Tuesday, August 04, 2009

Around the Horn - A Bit of News that Probably Didn't Make the Papers

A Cardinal with a Heart – Cardinal Justin Rigali, archbishop of Philadelphia, recently sent a letter to all US Representatives, urging them to support the Pregnant Women Support Act, reintroduced in the House by Lincoln Davis, a democrat from Tennessee. Rigali writes, “First, the fact that over a million abortions take place every year in this country is a tragedy, and we should at least take steps to reduce abortions. Second, no woman should ever have to undergo an abortion because she feels she has no other choice, or because alternatives were unavailable or not made known to her. An abortion performed under such social and economic duress meets no one's standard for 'freedom of choice.'”

Husband of Some Wives – Anglicans in Kenya have voiced their disagreement to a new law being drafted which would authorize polygamy – the marriage of multiple partners – as well as recognize cohabitation. “The law will confuse citizens. It will cause chaos in families,” Archbishop Benjamin Nzimbi said. “We should follow the biblical teachings. It is the orderly way.”

Back in the USSR – Ten or more Russian Orthodox Christians, members of the Union of Orthodox Brotherhoods, were detained by police for holding up signs in counter-protest at a gay rights rally held in Moscow at the 2009 Eurovision song context. From all accounts, the counter-rally was peaceably attempting to exercise their voice, but skirmishes broke out and the police were involved. Little more information has been forthcoming.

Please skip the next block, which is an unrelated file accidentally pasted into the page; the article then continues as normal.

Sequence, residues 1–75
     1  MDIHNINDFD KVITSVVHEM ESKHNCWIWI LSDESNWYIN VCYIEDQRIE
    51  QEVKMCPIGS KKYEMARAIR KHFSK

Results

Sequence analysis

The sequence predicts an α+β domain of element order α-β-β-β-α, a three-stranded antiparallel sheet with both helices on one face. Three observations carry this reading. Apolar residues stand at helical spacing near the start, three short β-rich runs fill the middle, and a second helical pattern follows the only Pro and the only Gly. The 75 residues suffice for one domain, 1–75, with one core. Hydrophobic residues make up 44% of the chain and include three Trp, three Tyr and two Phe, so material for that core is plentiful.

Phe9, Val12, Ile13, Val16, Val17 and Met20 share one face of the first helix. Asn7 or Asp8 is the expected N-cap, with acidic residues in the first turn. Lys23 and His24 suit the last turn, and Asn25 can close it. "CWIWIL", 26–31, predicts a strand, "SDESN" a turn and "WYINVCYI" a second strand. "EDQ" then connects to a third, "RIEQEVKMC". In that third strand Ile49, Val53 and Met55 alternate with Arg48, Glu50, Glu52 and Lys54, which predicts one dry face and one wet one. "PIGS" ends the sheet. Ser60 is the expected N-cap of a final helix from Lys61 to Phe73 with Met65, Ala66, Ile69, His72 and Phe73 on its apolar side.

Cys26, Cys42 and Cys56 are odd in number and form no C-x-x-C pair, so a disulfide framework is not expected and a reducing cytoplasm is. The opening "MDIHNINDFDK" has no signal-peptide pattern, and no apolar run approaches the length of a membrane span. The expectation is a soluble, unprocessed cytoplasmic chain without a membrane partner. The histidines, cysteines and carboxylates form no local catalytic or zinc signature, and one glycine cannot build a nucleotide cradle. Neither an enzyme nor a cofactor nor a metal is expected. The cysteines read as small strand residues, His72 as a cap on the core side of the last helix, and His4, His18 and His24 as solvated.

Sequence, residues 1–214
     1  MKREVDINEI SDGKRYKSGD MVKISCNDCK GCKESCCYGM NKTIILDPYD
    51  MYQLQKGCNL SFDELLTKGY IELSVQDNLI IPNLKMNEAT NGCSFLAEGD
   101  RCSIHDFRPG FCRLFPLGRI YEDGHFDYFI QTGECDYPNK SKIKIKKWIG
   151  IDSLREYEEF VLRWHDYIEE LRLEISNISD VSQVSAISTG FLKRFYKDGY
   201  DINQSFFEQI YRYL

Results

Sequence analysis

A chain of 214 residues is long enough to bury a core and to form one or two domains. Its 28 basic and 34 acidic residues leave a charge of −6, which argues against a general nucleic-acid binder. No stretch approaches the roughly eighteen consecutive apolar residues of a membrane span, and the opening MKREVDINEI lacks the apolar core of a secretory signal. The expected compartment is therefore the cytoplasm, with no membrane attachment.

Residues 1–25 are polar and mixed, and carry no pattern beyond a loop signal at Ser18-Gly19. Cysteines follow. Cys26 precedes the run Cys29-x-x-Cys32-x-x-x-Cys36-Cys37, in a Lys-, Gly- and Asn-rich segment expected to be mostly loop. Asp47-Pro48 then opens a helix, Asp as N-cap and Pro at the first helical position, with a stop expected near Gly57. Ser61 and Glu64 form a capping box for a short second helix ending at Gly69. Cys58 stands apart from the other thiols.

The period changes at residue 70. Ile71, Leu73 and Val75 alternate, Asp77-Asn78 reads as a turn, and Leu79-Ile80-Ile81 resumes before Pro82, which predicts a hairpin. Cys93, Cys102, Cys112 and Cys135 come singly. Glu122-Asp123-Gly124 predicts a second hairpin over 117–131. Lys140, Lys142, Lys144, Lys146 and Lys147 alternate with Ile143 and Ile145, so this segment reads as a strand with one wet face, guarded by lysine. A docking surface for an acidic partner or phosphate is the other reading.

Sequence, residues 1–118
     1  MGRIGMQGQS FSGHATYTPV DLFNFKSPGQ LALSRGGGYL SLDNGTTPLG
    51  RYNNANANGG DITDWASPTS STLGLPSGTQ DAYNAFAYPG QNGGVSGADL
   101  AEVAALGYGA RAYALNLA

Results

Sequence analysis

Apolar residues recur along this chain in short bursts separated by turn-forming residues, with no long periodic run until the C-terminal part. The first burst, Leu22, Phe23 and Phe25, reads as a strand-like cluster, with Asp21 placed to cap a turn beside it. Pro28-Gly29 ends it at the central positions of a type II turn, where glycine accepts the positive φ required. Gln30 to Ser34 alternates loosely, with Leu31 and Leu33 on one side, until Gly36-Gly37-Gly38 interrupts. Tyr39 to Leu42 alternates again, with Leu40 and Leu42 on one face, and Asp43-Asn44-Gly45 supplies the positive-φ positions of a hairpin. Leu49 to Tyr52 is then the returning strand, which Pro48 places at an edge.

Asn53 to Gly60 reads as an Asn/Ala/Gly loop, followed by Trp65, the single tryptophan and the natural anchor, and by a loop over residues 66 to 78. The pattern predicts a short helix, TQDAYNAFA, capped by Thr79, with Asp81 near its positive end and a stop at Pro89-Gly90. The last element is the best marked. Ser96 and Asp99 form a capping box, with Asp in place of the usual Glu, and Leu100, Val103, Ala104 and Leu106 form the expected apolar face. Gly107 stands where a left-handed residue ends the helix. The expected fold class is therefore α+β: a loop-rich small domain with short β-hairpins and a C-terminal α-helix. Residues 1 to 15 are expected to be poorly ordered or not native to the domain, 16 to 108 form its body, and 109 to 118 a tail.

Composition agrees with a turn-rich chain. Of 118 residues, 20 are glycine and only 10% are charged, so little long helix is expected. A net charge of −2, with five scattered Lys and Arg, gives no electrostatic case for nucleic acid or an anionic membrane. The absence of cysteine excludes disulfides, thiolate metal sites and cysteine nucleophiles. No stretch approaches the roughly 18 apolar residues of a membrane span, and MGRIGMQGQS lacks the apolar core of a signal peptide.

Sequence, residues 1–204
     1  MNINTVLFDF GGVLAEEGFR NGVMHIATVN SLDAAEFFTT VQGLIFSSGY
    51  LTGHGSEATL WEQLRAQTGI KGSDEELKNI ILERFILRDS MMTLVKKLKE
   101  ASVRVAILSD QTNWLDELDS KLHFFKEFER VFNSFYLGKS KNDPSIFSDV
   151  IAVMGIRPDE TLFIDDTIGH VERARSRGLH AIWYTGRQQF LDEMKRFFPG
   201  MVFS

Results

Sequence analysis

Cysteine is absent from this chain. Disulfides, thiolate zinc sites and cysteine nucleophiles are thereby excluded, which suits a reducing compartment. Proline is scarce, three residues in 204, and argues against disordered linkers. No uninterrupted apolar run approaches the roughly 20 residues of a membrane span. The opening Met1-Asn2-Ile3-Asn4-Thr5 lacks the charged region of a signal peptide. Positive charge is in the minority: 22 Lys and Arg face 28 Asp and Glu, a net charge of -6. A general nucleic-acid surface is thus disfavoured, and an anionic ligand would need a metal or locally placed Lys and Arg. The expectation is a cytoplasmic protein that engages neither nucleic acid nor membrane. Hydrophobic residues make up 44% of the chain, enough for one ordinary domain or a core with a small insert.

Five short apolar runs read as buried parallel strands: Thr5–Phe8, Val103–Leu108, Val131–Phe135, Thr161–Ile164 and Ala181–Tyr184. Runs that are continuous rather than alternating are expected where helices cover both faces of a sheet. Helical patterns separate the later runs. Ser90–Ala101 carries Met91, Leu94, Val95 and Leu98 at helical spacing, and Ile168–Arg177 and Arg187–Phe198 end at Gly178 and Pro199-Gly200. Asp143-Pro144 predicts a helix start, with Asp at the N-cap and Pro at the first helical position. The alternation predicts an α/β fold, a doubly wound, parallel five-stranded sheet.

Marxist Llama – Last spring the Dhali Llama publicly admitted himself to be a Marxist sympathizer, and confesses once asking to join the Chinese Communist Party. The exiled leader of Tibetan Buddhism, driven out by the communist take over over his religious kingdom, he told Newsweek, “[Marxism] is very similar to principles of Buddhism: altruism, concern for others and especially those who need it. ... As two forms of humanism, there is no contradiction between communism, if it's really applied, and Buddhism. The problem is that communism was never true to itself.”

Family is My Religion – Recent polls have shown that organized religion is still on the decline in most parts of Europe. Italy is still the most religious country on the continent still showed less than 48% (less than one out of every two) Italians believe religion to be “essential.” Germany was the lowest surveyed, with only 24% finding religion important. When asked what is sacred, 71% of Germans answered, “family.”

Hit: Touchstone Magazine

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